1875, Norway, Oscar II. Gold 5 Specie Daler / 20 Kroner.
Mint Year: 1875
Mint Place: Kongsberg
Denomination: 20 Kroner / 5 Specie Daler
Reference: Friedberg 15 , KM-348. R!
Material: Gold (.900)
Obverse: Head of Oscar II as King of Sweden and Norway right.
Legend: OSCAR II NORGES o. SVER. KONGE * BRODERFOLKENES VEL *
Reverse: Crowned shield of Norway, flanked by Specie Daler value (5-Sp). Dater (1875) above mint mark of Kongsberg (crossed hammers).
Legend: 20 KRONER / 5 – Sp / 124 Stk. (privy mark: crossed hammers) 1 Kil. f. G.
Oscar II (21 January 1829 – 8 December 1907), baptised Oscar Fredrik, was King of Sweden from 1872 until his death and King of Norway from 1872 until 1905. The third son of King Oscar I of Sweden and Josephine of Leuchtenberg, he was a descendant of Gustav I of Sweden through his mother.
At his birth in Stockholm, Oscar Fredrik was created Duke of Östergötland. He entered the navy at the age of eleven, and was appointed junior lieutenant in July 1845. Later he studied at Uppsala University, where he distinguished himself in mathematics. On 13 December 1848, he was made an honorary member of the Royal Swedish Academy of Sciences.
On 6 June 1857 he married in Wiesbaden-Biebrich, Germany, Princess Sophia Wilhelmina, youngest daughter of Duke William of Nassau.
From 1859, when his father died, he was first in line to the Swedish throne after his oldest brother King Charles, who then had no male heirs (his son had died in infancy in 1854). His middle brother Gustaf had died in 1852.
He succeeded his brother Charles XV / IV on 18 September 1872, and was crowned as king of Norway in the Nidaros Cathedral in Trondheim on 18 July 1873. At the accession he adopted as his motto Brödrafolkens väl / Broderfolkenes Vel ("The Welfare of the Brother Peoples"). While the King and the Royal Court resided mostly in Sweden, Oscar made the effort of learning to be fluent in Norwegian and from the very beginning he realized the essential difficulties in the maintenance of the union between the two countries.
The political events which led up to the peaceful dissolution of the union between Norway and Sweden in 1905 could hardly have been attained but for the tact and patience of the king himself. He was dethroned on 7 June 1905 by the Norwegian Parliament and renounced the Norwegian throne on 26 October. He declined, indeed, to permit any prince of his house to become king of Norway, but better relations between the two countries were restored before his death, which occurred in Stockholm on 8 December 1907.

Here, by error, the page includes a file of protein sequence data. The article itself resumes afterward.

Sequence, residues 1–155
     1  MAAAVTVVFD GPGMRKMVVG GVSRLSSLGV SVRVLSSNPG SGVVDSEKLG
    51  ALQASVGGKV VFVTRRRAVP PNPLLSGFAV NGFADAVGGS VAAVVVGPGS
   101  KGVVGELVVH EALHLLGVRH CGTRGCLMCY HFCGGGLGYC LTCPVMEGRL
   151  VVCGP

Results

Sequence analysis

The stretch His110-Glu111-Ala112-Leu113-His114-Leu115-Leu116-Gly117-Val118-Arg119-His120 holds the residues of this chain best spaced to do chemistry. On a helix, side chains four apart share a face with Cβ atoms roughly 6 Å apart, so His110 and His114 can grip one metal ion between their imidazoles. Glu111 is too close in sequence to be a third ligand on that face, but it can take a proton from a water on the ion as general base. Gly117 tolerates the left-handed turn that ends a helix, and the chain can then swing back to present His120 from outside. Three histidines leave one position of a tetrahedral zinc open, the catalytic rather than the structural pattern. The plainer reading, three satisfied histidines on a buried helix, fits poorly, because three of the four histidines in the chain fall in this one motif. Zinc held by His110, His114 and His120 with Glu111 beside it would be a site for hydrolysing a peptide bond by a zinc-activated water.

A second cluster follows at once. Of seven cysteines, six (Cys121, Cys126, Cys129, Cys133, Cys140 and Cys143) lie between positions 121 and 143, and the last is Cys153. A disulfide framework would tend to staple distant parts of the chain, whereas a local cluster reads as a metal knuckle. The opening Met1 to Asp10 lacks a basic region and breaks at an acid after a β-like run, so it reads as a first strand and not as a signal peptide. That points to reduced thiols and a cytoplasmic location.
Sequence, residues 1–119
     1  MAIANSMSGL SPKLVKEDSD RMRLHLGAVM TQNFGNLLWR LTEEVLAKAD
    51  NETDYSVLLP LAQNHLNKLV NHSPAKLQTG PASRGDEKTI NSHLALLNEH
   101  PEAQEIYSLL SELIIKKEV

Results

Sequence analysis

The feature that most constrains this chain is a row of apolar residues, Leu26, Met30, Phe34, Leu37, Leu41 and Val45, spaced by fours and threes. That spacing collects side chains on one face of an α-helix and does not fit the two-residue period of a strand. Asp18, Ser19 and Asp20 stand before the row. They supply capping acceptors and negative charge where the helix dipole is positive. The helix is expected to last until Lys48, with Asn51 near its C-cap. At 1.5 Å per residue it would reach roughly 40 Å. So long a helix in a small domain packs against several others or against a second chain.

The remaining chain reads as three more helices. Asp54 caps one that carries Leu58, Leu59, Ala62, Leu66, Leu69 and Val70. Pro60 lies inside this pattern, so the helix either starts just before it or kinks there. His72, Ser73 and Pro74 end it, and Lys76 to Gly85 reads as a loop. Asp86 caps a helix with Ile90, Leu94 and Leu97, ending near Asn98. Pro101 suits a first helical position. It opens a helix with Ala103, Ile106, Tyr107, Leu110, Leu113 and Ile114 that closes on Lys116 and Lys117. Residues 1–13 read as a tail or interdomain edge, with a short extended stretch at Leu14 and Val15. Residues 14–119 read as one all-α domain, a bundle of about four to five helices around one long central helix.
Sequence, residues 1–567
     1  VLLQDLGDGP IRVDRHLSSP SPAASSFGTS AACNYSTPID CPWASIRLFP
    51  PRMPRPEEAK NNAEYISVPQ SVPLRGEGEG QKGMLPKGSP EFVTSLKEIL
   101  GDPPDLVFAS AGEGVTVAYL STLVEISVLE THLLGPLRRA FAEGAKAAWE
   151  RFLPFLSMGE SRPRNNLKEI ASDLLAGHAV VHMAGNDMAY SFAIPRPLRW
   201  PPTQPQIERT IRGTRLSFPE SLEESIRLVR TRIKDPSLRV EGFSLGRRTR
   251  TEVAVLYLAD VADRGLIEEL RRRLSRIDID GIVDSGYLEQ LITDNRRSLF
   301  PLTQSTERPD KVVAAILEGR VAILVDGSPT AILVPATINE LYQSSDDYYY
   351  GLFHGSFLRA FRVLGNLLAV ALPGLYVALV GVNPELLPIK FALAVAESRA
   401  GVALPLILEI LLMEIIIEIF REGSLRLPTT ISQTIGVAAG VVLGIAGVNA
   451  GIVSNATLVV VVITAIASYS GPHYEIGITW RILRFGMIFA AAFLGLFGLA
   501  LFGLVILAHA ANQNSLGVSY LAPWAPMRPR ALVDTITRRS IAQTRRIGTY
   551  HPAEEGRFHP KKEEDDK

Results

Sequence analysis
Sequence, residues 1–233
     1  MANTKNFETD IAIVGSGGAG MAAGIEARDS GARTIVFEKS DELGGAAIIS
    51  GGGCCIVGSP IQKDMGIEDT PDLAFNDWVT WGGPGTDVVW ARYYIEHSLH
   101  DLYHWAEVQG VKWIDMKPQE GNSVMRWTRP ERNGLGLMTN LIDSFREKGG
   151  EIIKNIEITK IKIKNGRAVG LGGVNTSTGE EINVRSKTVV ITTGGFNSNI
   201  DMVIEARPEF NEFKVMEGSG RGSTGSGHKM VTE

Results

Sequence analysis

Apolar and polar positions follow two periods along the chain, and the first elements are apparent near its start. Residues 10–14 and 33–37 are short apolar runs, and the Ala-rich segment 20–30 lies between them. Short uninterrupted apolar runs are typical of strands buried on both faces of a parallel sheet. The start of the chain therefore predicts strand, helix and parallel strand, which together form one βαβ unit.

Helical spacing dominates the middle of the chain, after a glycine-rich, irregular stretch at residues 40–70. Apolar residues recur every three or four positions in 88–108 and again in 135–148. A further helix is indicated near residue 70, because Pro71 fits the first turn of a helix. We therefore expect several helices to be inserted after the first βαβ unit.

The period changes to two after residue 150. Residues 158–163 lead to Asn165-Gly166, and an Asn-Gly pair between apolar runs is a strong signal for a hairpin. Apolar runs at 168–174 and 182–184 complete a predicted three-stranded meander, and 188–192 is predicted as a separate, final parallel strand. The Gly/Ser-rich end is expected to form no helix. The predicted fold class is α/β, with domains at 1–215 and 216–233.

His acute intelligence and his aloofness from the dynastic considerations affecting most European sovereigns gave the king considerable weight as an arbitrator in international questions. At the request of the United Kingdom, Germany and the United States in 1889 he appointed the chief justice of Samoa, and he was again called in to arbitrate in Samoan affairs in 1899.
In 1897 he was empowered to appoint a fifth arbitrator if necessary in the Venezuelan dispute, and he was called in to act as umpire in the Anglo-American arbitration treaty that was quashed by the United States Senate. He won many friends in the United Kingdom by his outspoken and generous support of Britain at the time of the Second Boer War (1899–1902), expressed in a declaration printed in The Times of the 2 May 1900, when continental opinion was almost universally hostile.
He was the 1,027th Knight of the Order of the Golden Fleece in Spain and the 774th Knight of the Order of the Garter in 1881.
During his time as King, the Office of Prime Minister was instituted in 1876. Louis De Geer became the first head of government in Sweden with this title. The most known and powerful first minister of the Crown during the reign of Oscar was the conservative estate-owner Erik Gustaf Boström . He served as Prime Minister between 1891 -1900 and from 1902 to 1905. He became during this time, very trusted by Oscar, who had much difficulty approving of some one else as Prime Minister. Gradually, Boström was given free hands by Oscar to select his own ministers without much regal involvement. It was an arrangement ( unintentially by both the King and Boström ) that furthered the road to parliamentarism.